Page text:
standards/151316: lib/libc/string/strerror.c r1.9 breaks POSIX

Jilles Tjoelker jilles at
Sat Oct 9 12:40:08 UTC 2010

The following reply was made to PR standards/151316; it has been noted by GNATS.

From: Jilles Tjoelker <jilles at>
To: Jeremy Huddleston <jeremyhu at>
Cc: freebsd-gnats-submit at
Subject: Re: standards/151316: lib/libc/string/strerror.c r1.9 breaks POSIX
Date: Sat, 9 Oct 2010 14:37:31 +0200

 On Fri, Oct 08, 2010 at 04:28:55PM +0000, Jeremy Huddleston wrote:
 > >Number:         151316
 > >Category:       standards
 > >Synopsis:       lib/libc/string/strerror.c r1.9 breaks POSIX
 > >Description:
 > r1.9 of strerror.c did the following (from the changeslog)
 > strerror()'s semantics have changed slightly such that an argument of
 > 0 is now considered invalid and errno is set to EINVAL.
 > This introduces a regression in SUS conformance.
 Please explain why. As far as I understand, 0 is not a valid error
 number, and therefore it is appropriate to set errno = EINVAL while
 still returning a string.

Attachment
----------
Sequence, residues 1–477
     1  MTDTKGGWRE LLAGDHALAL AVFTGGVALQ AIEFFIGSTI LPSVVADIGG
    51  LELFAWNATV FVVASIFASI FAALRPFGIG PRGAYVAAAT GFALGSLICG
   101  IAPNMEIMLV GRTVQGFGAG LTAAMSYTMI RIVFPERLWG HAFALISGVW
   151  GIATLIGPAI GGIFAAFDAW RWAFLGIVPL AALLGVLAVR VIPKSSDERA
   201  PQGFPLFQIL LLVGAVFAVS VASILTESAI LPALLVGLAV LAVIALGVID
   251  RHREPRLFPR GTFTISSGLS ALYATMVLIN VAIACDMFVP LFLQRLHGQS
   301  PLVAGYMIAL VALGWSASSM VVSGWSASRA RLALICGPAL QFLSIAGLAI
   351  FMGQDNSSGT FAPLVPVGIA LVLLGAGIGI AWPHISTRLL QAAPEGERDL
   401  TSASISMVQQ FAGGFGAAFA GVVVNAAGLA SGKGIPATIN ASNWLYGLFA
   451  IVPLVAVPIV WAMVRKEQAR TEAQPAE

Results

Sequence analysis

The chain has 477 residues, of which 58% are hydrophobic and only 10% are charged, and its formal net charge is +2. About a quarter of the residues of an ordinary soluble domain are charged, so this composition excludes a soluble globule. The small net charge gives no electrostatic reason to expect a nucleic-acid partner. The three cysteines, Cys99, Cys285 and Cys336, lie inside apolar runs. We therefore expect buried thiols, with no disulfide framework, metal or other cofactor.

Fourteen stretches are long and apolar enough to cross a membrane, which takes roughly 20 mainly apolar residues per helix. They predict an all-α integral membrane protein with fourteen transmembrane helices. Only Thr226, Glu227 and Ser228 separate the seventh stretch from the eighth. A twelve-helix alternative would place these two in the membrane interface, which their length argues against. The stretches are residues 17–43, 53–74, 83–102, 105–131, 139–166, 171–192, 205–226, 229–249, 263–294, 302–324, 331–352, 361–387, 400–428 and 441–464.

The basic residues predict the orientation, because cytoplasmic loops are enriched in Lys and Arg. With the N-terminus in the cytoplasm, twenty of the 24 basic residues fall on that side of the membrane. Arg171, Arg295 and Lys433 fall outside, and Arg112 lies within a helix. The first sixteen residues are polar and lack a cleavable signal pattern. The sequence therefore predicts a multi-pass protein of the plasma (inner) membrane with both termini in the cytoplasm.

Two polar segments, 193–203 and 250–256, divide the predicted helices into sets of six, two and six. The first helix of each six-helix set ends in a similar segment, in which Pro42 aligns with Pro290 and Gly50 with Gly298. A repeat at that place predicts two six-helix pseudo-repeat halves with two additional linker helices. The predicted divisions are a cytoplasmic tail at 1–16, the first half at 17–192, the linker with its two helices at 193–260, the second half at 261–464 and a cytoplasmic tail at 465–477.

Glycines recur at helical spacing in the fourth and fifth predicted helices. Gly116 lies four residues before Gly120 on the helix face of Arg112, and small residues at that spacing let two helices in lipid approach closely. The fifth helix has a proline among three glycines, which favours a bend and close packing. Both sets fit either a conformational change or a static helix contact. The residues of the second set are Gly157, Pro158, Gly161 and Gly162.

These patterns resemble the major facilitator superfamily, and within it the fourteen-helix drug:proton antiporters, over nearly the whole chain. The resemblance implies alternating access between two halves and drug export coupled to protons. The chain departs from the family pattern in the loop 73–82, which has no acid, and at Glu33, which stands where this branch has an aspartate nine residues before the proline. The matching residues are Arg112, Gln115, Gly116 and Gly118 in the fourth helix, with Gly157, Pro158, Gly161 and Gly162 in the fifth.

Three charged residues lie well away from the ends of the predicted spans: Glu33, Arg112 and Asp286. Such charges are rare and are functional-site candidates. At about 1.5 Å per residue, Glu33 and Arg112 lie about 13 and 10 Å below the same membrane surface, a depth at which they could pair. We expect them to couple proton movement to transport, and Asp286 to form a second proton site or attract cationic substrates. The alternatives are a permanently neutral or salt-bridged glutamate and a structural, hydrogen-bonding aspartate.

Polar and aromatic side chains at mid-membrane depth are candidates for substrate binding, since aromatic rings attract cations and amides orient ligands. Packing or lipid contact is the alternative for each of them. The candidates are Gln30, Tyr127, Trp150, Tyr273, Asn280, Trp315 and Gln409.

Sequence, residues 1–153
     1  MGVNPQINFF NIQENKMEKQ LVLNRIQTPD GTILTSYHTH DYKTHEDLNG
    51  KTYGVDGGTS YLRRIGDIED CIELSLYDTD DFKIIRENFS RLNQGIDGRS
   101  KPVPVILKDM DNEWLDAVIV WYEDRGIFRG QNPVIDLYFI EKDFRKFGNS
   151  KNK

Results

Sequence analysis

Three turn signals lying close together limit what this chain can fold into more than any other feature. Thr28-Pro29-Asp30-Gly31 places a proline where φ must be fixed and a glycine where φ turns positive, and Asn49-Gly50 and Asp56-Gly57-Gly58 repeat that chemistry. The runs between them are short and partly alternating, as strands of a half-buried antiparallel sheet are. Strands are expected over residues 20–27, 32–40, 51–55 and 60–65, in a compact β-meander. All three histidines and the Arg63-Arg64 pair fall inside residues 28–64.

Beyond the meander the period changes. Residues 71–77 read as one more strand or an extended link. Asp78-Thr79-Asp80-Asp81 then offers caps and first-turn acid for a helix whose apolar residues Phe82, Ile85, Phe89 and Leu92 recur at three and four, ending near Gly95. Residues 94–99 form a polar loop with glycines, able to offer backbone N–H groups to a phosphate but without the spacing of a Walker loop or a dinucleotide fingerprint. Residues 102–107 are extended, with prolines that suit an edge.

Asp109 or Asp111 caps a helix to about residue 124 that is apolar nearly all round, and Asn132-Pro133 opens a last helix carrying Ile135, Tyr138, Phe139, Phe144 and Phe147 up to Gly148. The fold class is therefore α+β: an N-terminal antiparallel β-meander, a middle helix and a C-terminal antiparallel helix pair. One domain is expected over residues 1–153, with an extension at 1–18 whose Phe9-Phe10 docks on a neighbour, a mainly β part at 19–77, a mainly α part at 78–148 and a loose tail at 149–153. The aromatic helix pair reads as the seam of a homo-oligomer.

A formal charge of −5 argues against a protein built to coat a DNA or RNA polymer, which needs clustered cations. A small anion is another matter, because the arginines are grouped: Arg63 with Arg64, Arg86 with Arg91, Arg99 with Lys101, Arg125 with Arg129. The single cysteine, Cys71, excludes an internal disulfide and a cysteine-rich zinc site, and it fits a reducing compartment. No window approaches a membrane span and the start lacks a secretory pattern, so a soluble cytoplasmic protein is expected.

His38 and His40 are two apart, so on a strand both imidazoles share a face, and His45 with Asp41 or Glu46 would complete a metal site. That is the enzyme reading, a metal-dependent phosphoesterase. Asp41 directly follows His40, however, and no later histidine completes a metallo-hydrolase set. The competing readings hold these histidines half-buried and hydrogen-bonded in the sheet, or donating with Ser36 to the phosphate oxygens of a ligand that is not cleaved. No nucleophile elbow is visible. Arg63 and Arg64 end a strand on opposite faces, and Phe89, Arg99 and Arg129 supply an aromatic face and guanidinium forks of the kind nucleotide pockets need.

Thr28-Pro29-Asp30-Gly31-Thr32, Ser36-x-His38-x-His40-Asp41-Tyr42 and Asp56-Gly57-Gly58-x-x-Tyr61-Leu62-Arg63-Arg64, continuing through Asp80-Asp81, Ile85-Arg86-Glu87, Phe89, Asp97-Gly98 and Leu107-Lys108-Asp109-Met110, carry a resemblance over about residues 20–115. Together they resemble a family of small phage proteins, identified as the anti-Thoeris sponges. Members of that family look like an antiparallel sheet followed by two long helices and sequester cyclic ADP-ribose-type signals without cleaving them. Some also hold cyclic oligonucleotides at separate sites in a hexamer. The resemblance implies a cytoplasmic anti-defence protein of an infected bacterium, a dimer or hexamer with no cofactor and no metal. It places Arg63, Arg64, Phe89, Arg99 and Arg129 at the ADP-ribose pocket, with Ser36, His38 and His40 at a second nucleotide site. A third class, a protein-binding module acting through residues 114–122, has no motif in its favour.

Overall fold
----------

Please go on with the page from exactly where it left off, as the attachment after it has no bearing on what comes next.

Hints to 0 being an invalid error number are the requirement that all E*
 constants from <errno.h> be positive and the requirement that no
 POSIX-defined function shall set errno to 0.
 If I'm wrong, please provide a reference such as to a specific section
 in the standard.
 In any case, this is of little practical effect since few programs check
 the value of errno set by strerror(). If the patch is accepted,
 sys_errlist[0] will probably be changed to "Unknown error: 0" so the
 only difference is errno set by strerror().
 > >How-To-Repeat:
 > >Fix:
 > In strerror.c's strerror_r
 > -	if (errnum < 1 || errnum >= sys_nerr) {
 > +	if (errnum < 0 || errnum >= sys_nerr) {
 > And here's a man page change:
 > @@ -110,7 +118,7 @@
 >  .Er EINVAL
 >  as a warning.
 >  Error numbers recognized by this implementation fall in
 > -the range 0 <
 > +the range 0 <=
 >  .Fa errnum
 >  <
 >  .Fa sys_nerr .
 Jilles Tjoelker

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